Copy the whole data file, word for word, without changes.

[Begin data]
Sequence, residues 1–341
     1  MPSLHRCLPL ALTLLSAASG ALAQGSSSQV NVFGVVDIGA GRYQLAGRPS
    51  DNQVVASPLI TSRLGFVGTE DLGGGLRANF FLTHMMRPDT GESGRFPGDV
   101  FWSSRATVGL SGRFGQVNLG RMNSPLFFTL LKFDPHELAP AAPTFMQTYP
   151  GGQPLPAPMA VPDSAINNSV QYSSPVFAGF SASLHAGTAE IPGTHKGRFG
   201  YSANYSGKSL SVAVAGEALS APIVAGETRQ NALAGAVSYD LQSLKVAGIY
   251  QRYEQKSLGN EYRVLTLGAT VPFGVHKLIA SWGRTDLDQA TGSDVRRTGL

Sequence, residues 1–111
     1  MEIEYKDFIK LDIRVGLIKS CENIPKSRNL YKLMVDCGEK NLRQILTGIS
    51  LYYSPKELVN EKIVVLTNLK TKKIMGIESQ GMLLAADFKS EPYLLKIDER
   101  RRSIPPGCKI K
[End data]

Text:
Sequence, residues 1–341
     1  MPSLHRCLPL ALTLLSAASG ALAQGSSSQV NVFGVVDIGA GRYQLAGRPS
    51  DNQVVASPLI TSRLGFVGTE DLGGGLRANF FLTHMMRPDT GESGRFPGDV
   101  FWSSRATVGL SGRFGQVNLG RMNSPLFFTL LKFDPHELAP AAPTFMQTYP
   151  GGQPLPAPMA VPDSAINNSV QYSSPVFAGF SASLHAGTAE IPGTHKGRFG
   201  YSANYSGKSL SVAVAGEALS APIVAGETRQ NALAGAVSYD LQSLKVAGIY
   251  QRYEQKSLGN EYRVLTLGAT VPFGVHKLIA SWGRTDLDQA TGSDVRRTGL

Sequence, residues 1–111
     1  MEIEYKDFIK LDIRVGLIKS CENIPKSRNL YKLMVDCGEK NLRQILTGIS
    51  LYYSPKELVN EKIVVLTNLK TKKIMGIESQ GMLLAADFKS EPYLLKIDER
   101  RRSIPPGCKI K